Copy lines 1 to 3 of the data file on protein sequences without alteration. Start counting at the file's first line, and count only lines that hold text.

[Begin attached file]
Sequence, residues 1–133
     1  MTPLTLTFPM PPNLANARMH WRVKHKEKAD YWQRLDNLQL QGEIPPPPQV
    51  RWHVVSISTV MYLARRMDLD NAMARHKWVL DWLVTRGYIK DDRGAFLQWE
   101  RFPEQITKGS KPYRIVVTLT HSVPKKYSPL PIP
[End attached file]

Sequence, residues 1–133
     1  MTPLTLTFPM PPNLANARMH WRVKHKEKAD YWQRLDNLQL QGEIPPPPQV
    51  RWHVVSISTV MYLARRMDLD NAMARHKWVL DWLVTRGYIK DDRGAFLQWE